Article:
Heritage and the Climate Crisis

Reculver © David Gill

One of the themes explored in the EARC report, From the Wash to the White Cliffs: The Contribution of the Heritage Sector, is the climate crisis. The EARC region includes coastal heritage from the Wash, along the Norfolk and Suffolk coasts, the Essex marshes, and the Kent coast. The report considers heritage and coastal change; impacts of future climate and coastal change on heritage; and heritage responses to climate change and coastal change.

Gill, D. W. J., M. Kelleher, P. Matthews, T. M. Pepperell, H. Taylor, M. Harrison, C. Moore, and J. Winder. 2022. From the Wash to the White Cliffs: The Contribution of the Heritage Sector. Eastern Academic Research Consortium (EARC) <https://kar.kent.ac.uk/96160/>.

Hadrian’s Wall 1900 Festival

Walltown Crags © David Gill

2022 marks the 1900th anniversary of Hadrian’s Wall and there will be a year of celebrations for this UNESCO World Heritage Site.

Sign up to get news about events and join the virtual walk along the Wall.

Full details: 1900 Festival

Dorchester: Heritage Sign

© David Gill

This ‘R.A.C. Road Sign’ created by Burrow of the Kingsway in London outlines some of the key heritage sites around Dorchester, the Roman Durnovaria, including the ‘Prehistoric Camp’ at Poundbury, and the ‘Great Prehistoric Earthworks’ at Maiden Castle.

Caerleon: Roman barracks

Caerleon © David Gill

A set of Roman barracks from the legionary fortress at Caerleon (Isca Silurum) lies in the north-west corner in a location known as Prysg Field. They were excavated by Victor Nash-Williams from 1927 to 1929. Each of the four blocks that can be viewed would have held a century. The accommodation for the centurion was placed at the end of each block.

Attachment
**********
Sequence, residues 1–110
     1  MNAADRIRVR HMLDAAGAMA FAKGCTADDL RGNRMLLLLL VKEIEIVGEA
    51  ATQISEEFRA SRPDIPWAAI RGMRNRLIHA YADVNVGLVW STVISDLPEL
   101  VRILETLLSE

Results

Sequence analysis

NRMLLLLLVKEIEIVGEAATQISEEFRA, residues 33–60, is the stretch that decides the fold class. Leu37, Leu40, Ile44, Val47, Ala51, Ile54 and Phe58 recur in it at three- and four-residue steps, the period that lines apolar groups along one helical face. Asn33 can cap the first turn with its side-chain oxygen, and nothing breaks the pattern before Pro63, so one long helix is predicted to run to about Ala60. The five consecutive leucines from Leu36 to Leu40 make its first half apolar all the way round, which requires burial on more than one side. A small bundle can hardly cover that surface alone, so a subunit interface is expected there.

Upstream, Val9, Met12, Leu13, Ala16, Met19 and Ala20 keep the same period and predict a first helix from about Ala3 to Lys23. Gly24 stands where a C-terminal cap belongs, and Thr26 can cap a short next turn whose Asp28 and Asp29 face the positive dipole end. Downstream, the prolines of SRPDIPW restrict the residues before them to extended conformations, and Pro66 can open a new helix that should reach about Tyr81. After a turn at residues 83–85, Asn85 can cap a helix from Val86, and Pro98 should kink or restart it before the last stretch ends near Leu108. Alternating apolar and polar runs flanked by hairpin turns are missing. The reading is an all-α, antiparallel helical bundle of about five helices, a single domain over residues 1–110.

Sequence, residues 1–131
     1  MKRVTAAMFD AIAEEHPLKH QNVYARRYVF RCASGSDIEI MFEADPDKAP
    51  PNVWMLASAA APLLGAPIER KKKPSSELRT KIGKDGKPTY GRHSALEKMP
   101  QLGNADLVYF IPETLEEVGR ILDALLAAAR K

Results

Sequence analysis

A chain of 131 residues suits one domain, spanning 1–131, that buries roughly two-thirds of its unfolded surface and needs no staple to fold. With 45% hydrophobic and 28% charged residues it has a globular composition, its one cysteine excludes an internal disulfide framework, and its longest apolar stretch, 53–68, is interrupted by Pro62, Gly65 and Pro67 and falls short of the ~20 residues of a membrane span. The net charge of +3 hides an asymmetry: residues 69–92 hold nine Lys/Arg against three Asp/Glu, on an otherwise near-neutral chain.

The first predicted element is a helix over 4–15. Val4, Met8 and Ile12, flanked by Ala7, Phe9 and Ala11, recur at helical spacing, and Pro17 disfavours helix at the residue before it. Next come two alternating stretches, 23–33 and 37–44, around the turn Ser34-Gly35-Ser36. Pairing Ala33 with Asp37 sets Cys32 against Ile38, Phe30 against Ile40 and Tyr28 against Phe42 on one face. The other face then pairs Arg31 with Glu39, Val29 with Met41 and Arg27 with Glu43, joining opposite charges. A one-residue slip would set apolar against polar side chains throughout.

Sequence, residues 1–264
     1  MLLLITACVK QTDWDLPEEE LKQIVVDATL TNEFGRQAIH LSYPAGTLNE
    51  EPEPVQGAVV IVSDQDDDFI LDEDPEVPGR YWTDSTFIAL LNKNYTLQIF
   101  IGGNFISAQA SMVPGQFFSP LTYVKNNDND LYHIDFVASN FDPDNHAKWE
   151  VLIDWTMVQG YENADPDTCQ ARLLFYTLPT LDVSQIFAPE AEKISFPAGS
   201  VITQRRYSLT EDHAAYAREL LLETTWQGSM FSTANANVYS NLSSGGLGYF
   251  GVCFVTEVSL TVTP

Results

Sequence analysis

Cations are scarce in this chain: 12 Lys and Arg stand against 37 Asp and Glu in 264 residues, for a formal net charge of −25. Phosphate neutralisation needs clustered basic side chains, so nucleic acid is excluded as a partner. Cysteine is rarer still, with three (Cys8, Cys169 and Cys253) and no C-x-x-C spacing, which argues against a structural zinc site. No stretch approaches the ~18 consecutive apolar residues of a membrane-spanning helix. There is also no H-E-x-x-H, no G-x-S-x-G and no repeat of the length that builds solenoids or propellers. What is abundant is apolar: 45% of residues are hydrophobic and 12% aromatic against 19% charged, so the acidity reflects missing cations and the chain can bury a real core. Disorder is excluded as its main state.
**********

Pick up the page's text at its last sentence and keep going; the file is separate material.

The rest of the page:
Caerleon © David Gill

Guidebooks to the Roman Frontier

1952 [5th impress. 1960]

The Society of Antiquaries of Newcastle upon Tyne has had two features on the official Ministry and English Heritage guidebooks of Hadrian’s Wall in their News Bulletin:

David W. J. Gill, ‘Guiding us along the Roman wall’, 69 (September 2020), p. 3

Nick Hodgson, ‘Guiding us along the Roman frontier, Part II’, 70 (December 2020), p. 5

Corbridge (with update); Chesters (with update); Housesteads; Birdoswald; Hadrian’s Wall

Brunton Turret: Ministry of Works signage

Brunton Turret (1985) © David Gill

Brunton Turret (T26b) is included in a well preserved stretch of Hadrian’s Wall, just to the east of the River North Tyne (and Chesters Roman fort). The Ministry of Works sign (since removed) reminded visitors not to damage the monument. It is perhaps ironic that Brunton Turret was the target of illegal detecting.

Brunton Turret from the west © David Gill

Fortuna and Bowes

Inscription from Bowes (Cambridge, Museum of Archaeology and Anthropology) © David Gill

Two inscriptions from Roman forts on the road across the Pennines are now displayed in Cambridge: one is the Brough Stone now in the Fitzwilliam Museum, and the other is an inscription from Bowes, Co. Durham, now in the Museum of Archaeology and Anthropology (RIB 730; D 1970.3). (For the site of the fort now occupied by a castle.)